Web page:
Mapping Children with ModelMapper

Mapping Collections of Children with ModelMapper

In this post, I’m going to demonstrate how to use ModelMapper when you’re allowing entry of child records on the parent page.  In the absence of a flash of inspiration for creative examples, I’m using contact information as the parent that can have zero or many child phone number records.  If you want to follow along, use the Spring Initialzr and create a Gradle, Java Project with the Web, Thymeleaf, JPA and H2 dependencies.

Related Posts:

Prerequisites:

  • Java 8
  • Preferred IDE
  • Basic understanding of Spring Boot and Spring JPA

Gradle Dependency

implementation('com.github.jmnarloch:modelmapper-spring-boot-starter:1.1.0')

I’m going to take us through the code to make the form below functional.

mm_parentchild_entry

Entities

The example uses two entity classes to model the information we’re storing.  The Contact class is the parent class and it has a collection of PhoneNumber objects.  I’ve omitted the getters and setters for the parent fields, but I want to point out that in the getter for the phoneNumbers list, I’m creating an empty list if the list is null.  There is one special method here, addPhoneNumber.  It takes a type and phone number and creates a new PhoneNumber using those values and adds it to the list.  Something to note is that it also sets the Contact field on the newly created PhoneNumber to “this“.  That’s important to get the relationship working properly.  (Note:  Cascade.ALL is used in the example, but in a real application consider your use case before you choose your cascade options.)

@Entity
public class Contact {
   @Id
   @GeneratedValue(strategy=GenerationType.AUTO)
   private Long id;
   private String firstName;
   private String lastName;
   private String title;
   private String company;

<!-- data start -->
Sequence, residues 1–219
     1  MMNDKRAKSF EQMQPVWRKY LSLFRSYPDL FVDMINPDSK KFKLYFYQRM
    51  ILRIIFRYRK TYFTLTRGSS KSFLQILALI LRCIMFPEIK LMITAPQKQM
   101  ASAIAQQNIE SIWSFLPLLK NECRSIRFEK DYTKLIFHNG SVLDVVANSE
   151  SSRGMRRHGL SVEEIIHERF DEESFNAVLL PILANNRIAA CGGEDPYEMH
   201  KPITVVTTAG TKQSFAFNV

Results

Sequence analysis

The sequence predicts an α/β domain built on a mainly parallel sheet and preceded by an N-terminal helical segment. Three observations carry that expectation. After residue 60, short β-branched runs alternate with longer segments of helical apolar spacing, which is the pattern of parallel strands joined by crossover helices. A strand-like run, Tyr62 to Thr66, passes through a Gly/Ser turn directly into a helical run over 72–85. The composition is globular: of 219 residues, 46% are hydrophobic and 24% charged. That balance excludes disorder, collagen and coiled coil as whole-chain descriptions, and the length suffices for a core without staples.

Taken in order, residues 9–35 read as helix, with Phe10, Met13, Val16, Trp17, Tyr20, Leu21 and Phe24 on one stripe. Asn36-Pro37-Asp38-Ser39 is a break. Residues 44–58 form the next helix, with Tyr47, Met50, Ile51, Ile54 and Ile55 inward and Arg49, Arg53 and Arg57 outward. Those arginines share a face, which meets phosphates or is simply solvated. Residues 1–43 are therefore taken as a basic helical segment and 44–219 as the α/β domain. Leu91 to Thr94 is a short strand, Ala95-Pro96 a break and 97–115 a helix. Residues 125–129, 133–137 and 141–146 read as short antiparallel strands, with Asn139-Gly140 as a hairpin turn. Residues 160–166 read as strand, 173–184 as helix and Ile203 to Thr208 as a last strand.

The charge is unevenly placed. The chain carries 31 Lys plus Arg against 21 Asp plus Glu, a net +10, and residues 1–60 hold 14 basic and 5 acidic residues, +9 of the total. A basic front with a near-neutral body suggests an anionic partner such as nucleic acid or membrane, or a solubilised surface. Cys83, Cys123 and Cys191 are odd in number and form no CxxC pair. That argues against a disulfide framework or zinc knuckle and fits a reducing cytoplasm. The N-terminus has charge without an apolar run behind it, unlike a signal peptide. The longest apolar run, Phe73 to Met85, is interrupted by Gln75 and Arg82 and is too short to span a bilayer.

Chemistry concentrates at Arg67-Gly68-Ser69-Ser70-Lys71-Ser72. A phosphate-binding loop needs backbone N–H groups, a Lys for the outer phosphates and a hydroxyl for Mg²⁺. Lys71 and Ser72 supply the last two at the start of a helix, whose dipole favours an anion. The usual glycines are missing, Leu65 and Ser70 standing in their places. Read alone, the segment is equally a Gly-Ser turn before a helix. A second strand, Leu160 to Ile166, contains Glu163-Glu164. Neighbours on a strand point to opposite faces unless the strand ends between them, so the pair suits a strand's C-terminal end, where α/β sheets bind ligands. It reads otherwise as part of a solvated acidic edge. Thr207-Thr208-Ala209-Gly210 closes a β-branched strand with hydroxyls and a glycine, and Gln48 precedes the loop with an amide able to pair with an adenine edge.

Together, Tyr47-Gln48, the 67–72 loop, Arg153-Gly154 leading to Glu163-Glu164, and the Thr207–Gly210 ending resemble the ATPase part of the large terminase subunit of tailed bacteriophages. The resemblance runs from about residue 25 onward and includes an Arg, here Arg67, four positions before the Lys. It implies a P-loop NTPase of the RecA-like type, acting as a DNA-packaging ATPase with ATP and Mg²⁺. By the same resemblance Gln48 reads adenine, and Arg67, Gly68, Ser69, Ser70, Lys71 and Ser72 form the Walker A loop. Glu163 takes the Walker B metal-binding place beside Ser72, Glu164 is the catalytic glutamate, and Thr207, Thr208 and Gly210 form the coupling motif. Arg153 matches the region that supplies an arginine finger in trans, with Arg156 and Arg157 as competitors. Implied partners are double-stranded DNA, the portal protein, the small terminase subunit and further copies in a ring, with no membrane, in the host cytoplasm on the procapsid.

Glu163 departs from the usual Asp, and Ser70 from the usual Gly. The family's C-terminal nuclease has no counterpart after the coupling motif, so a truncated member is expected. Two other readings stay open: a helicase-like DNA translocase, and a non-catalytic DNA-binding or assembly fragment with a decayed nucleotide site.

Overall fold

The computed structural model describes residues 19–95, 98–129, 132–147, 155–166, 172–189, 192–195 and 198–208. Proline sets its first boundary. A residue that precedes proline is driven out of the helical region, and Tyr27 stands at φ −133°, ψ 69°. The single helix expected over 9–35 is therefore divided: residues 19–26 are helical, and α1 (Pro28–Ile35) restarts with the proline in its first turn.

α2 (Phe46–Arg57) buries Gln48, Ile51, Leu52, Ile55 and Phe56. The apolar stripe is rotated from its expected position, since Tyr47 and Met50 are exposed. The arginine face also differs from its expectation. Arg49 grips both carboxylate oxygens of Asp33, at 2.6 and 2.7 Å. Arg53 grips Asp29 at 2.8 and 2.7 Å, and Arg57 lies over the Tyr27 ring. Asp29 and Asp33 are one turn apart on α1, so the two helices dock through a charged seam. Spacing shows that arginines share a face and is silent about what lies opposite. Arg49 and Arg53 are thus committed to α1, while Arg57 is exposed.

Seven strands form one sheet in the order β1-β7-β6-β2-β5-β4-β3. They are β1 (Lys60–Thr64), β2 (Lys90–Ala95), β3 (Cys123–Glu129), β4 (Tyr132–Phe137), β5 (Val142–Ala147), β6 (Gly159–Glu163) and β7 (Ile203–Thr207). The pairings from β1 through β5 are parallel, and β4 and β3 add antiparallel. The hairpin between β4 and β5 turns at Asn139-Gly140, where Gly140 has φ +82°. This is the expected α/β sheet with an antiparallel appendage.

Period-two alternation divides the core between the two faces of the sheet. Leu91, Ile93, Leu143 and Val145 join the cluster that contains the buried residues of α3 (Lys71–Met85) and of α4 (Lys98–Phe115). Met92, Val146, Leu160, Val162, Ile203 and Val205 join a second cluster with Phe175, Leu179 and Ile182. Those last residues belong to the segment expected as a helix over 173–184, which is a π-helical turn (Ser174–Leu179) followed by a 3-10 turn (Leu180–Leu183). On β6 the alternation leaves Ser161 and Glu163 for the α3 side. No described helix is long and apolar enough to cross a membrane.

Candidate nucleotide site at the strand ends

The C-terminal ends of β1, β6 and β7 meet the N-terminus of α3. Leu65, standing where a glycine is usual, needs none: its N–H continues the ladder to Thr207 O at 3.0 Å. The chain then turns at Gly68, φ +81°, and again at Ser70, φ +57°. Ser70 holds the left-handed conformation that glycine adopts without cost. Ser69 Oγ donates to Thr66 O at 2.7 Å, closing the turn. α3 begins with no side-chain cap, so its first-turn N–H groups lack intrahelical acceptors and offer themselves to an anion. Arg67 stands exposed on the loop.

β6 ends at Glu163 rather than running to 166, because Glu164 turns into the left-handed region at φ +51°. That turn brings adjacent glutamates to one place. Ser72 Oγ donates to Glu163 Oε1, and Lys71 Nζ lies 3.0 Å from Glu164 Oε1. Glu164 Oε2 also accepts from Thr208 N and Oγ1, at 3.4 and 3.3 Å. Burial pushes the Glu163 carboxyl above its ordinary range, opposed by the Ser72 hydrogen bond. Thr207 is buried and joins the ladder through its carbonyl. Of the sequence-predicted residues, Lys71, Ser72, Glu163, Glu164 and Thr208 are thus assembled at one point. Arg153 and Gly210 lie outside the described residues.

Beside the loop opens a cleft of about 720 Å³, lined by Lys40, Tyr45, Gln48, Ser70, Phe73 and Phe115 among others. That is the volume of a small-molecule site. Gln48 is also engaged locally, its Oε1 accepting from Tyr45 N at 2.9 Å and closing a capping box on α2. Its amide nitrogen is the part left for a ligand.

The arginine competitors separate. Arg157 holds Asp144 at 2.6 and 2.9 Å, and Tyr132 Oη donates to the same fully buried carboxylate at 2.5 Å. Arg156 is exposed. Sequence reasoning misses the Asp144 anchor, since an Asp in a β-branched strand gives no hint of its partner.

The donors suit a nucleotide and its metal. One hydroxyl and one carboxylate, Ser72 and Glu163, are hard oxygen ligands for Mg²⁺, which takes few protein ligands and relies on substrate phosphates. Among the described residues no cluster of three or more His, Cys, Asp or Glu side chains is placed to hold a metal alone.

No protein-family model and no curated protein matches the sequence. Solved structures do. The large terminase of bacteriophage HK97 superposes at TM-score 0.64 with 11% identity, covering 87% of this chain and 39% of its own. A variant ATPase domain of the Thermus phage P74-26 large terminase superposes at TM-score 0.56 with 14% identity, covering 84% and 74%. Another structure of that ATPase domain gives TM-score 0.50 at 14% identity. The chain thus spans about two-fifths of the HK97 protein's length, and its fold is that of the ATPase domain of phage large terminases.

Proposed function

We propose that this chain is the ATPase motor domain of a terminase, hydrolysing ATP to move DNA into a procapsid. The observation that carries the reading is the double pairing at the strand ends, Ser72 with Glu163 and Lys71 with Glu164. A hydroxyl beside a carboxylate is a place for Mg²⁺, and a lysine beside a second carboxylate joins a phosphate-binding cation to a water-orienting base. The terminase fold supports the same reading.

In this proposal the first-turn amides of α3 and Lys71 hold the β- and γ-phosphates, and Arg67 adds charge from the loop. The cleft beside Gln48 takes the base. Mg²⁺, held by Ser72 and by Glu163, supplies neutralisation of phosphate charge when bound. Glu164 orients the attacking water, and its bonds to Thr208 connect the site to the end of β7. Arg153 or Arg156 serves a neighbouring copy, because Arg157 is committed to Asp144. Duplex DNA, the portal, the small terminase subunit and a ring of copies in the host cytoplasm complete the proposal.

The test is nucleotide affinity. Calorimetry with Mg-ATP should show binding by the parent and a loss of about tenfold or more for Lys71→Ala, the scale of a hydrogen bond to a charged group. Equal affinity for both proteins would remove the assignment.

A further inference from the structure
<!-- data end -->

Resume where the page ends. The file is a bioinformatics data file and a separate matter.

private String notes;
   @OneToMany(mappedBy="contact", cascade=CascadeType.ALL, orphanRemoval=true)
   private List phoneNumbers;

   //Parent field getters and setters omitted for brevity

   /**
    * Gets phoneNumbers.
    * @return the phoneNumbers
    */
   public List getPhoneNumbers() {
      if (phoneNumbers == null) {
         phoneNumbers = new ArrayList();
      }
      return phoneNumbers;
   } 

   /**
    * Sets phoneNumbers.
    * @param phoneNumbers the phoneNumbers to set
    */
   public void setPhoneNumbers(List phoneNumbers) {
      this.phoneNumbers = phoneNumbers;
   }

   public void addPhoneNumber(String type, String phoneNumber) {
      PhoneNumber newNumber = new PhoneNumber();
      newNumber.setType(type);
      newNumber.setNumber(phoneNumber);
      newNumber.setContact(this);
      if (phoneNumbers == null) {
         phoneNumbers = new ArrayList();
      }
      phoneNumbers.add(newNumber);
   }

}

The class PhoneNumber represents a single phone number record.  It has a type (e.g. mobile, home etc) and a number field in addition to its id.  It also has its own reference back to its parent Contact.

@Entity
public class PhoneNumber {
   @Id
   @GeneratedValue(strategy=GenerationType.AUTO)
   private Long id;
   private String type;
   private String number;
   @ManyToOne
   @JoinColumn(name="contact_id")
   private Contact contact;

   //Getters and Setters omitted for brevity.

}

Data Transfer Objects

For the domain classes, there is a corresponding data transfer object (DTO) class.  The ContactDto class should look pretty familiar.  It’s worth pointing out again that the getPhoneNumbers() checks the phoneNumbers list for null and, if so, creates a new list before returning it.

public class ContactDto {
   private Long id;
   private String firstName;
   private String lastName;
   private String title;
   private String company;
   private String notes;
   private List phoneNumbers;

   //Getters/Setters omitted for brevity

   /**
    * Gets phoneNumbers.
    * @return the phoneNumbers
    */
   public List getPhoneNumbers() {
      if (phoneNumbers == null) {
         phoneNumbers = new ArrayList();
      }
      return phoneNumbers;
   }

   /**
    * Sets phoneNumbers.
    * @param phoneNumbers the phoneNumbers to set
    */
   public void setPhoneNumbers(List phoneNumbers) {
      this.phoneNumbers = phoneNumbers;
   }
}